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Extension Plant Sciences Featured in Farm & Ranch Guide

On the 100th Anniversary of the U.S. Extension Service, an article written by Dale Hildebrant and published June 13, 2014, in Farm and Ranch Guide, reviews the history of NDSU Department of Plant Sciences Extension work. The article is printed with permission of Farm and Ranch Guide and Hildebrant.
Extension Plant Sciences Featured in Farm & Ranch Guide

NDSU Plant Sciences Extension specialist Joel Ransom speaks to a group during Field Days. (photo courtesy Joel Ransom)

Extension plant sciences has increased ND’s ag production

Farm & Ranch Guide

In the 1920s, North Dakota farmers weren’t too concerned about planting pure seed samples, and as a result the mixed grain and smutty wheat they were shipping was costing them millions of dollars each year.

This was one of the first problems tackled by E.G. Booth, when he became North Dakota’s first Extension agronomist on Aug. 1, 1927.

Booth was a firm believer in diversification and strongly promoted alfalfa and sweet clover production, but the lack of pure seed supplies in the state pushed Booth to correct that situation with the cooperation of the North Dakota Agricultural College (now North Dakota State University) Experiment Stations and county agents. The next step was to teach farmers the value of using pure seed and to help pure seed growers market their seed to other growers.

Commercial interests were also interested in improving grain quality and because of that the Northwest Crop Improvement Association, with headquarters in Minneapolis, was formed.

Meanwhile, North Dakota leaders formed the Greater North Dakota Association and Booth worked with both organizations to promote diversification and the use of pure seed. In his 1930 annual report, Booth reported 88 pure seed meetings were held that year involving 1,200 farmers who purchased 45,000 bushels of pure seed.

Booth took a leave of absence in 1933 and did not return to North Dakota. The Extension agronomist position was vacant until Wm. Leary was appointed as the second Extension agronomist on Nov. 20, 1936 Ð a time when agriculture was deeply depressed. Three years of drought, rust and grasshoppers had wiped out most grain stocks and what was available was shriveled by drought.

Leary resumed the grain quality program and started emphasizing for standardization of grain varieties. At the time, more than 20 varieties of spring wheat were being grown by the state’s farmers and milling and baking qualities varied greatly.

During those years in the 30s, the crops were growing well, but noxious weeds gained a strong foothold in the state. Leafy spurge came into the state with hay supplies that were desperately needed by farmers. Leary made strong efforts to acquaint farmers with that weed and to exterminate it from its start; however, limited resources prevented many farmers from doing much to control it.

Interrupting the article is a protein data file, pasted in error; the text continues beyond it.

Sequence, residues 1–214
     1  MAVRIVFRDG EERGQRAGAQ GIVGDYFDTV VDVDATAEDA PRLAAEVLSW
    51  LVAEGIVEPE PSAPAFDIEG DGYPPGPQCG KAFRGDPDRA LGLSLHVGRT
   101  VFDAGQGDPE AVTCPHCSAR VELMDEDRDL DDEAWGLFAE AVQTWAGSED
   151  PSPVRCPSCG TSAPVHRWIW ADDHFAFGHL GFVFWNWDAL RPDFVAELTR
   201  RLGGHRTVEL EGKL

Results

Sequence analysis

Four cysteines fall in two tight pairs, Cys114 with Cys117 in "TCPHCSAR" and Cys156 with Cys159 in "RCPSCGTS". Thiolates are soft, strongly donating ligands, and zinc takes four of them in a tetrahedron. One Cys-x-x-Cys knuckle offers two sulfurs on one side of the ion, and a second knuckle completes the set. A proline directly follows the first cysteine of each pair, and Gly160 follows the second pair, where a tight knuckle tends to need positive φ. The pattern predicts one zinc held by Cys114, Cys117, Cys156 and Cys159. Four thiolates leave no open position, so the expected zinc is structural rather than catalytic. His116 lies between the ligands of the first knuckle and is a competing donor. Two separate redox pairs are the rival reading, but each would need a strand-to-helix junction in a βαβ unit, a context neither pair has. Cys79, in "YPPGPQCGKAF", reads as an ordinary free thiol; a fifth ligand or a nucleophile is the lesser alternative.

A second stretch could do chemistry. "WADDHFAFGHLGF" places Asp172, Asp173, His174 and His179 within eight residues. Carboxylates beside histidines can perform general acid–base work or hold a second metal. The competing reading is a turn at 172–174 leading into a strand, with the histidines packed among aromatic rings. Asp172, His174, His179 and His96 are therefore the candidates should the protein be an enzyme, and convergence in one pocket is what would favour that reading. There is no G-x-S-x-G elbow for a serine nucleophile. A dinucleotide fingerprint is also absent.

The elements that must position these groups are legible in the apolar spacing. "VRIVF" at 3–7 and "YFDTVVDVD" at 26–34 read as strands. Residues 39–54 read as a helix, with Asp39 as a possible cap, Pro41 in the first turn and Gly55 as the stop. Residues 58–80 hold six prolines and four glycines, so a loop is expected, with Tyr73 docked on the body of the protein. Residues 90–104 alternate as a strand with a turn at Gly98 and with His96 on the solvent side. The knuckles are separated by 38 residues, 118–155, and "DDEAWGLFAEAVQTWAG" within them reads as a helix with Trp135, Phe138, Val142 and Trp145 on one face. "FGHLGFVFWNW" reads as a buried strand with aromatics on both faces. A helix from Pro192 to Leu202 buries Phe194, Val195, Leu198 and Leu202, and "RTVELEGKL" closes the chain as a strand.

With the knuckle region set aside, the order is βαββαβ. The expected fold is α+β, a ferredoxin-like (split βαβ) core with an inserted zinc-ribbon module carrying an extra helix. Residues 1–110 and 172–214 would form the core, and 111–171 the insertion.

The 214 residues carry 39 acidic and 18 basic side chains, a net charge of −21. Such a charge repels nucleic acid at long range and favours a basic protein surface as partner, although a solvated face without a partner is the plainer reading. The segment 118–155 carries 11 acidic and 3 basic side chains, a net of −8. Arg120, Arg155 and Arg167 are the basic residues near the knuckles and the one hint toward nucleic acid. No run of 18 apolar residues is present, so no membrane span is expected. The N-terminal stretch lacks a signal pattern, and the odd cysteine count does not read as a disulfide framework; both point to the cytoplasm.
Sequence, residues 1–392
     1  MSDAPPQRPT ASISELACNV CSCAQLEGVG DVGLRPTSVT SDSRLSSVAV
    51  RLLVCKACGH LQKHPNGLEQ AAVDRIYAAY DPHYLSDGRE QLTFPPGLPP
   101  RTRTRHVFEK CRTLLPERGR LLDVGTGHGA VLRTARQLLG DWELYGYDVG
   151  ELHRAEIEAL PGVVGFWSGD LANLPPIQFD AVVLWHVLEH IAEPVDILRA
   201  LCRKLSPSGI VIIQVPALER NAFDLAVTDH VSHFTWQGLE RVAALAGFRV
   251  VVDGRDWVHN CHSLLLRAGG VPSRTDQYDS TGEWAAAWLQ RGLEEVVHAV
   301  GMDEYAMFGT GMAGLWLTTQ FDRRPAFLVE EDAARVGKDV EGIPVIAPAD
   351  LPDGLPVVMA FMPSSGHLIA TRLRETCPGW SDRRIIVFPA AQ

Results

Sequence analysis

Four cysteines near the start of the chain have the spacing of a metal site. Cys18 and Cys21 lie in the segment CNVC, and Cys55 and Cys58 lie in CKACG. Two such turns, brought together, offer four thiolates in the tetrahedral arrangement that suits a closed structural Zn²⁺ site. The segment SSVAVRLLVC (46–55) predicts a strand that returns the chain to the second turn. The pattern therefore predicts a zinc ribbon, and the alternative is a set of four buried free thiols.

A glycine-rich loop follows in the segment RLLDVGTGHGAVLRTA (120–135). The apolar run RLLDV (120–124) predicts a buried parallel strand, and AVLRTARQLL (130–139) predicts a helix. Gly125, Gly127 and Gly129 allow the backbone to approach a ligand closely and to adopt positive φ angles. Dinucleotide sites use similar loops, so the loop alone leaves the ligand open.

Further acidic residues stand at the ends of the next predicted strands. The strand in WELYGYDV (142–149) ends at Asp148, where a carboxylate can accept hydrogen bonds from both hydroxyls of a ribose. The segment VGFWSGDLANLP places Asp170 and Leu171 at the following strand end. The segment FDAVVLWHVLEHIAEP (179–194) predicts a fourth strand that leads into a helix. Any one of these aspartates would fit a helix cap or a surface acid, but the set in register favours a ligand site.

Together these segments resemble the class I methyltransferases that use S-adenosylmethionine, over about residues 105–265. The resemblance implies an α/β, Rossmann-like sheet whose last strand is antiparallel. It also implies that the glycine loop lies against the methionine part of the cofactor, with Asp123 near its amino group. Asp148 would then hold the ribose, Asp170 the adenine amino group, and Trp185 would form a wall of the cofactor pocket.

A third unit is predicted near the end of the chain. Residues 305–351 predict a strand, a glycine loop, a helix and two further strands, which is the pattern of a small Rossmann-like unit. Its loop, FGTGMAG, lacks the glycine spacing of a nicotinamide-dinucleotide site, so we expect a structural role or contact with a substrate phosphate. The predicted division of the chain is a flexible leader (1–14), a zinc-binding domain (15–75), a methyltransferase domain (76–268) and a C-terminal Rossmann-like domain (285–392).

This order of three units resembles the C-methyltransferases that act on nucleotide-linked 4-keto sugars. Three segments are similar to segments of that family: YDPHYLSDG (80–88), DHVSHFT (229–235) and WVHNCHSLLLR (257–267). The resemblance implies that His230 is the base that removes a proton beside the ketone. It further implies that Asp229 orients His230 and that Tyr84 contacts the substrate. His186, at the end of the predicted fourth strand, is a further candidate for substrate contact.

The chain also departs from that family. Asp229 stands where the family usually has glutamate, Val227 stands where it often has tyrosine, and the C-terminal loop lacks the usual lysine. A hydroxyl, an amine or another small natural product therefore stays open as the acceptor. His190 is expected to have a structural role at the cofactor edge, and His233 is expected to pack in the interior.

The next Extension agronomist, L.A. Jensen came on the scene in 1945 and his main interest was the use of commercial fertilizer.

In 1948 R.B. Widdifield became Extension agronomist and chemical weed control and the use of commercial fertilizer became major projects for him. He also worked on introducing sunflower production to the state.

Review of annual reports indicated there was enough demand in the agronomy area to keep several people busy and agronomists were unable to undertake many worthy projects.

Today’s Extension Plant Science Department

Over the past few years there has been a subtle change taking place in the Plant Science Department’s Extension specialists, according to Joel Ransom, Extension agronomist. That change has meant that the Extension specialists are now more involved in the actual research projects.

”We felt that there was a need for us to become more involved in the research taking place,” Ransom said. “In the past the Extension specialists were mainly gatherers and purveyors of information. And we felt there were information gaps that we could fill in with our applied research programs."

Since they are now taking a more active role in the ongoing research, both Ransom and Richard Zollinger, NDSU Extension weed control specialist, feel they can do a better job of explaining the research results to the farmers and ranchers when they are out at meetings in the state.

”If we helped with the study and evaluated the results when we go talk we can answer the questions more authoritative and correctly than if we read it out of a journal article,” Zollinger said.

”And another benefit of those questions that are asked is they help me define my next research project. The true researchers never get a chance to get out in front of the ‘congregation’ and to hear the real issues the growers are having. When we are there and hear the different issues they are dealing with, that gives people like me and Joel direction and sets the agenda for our work.”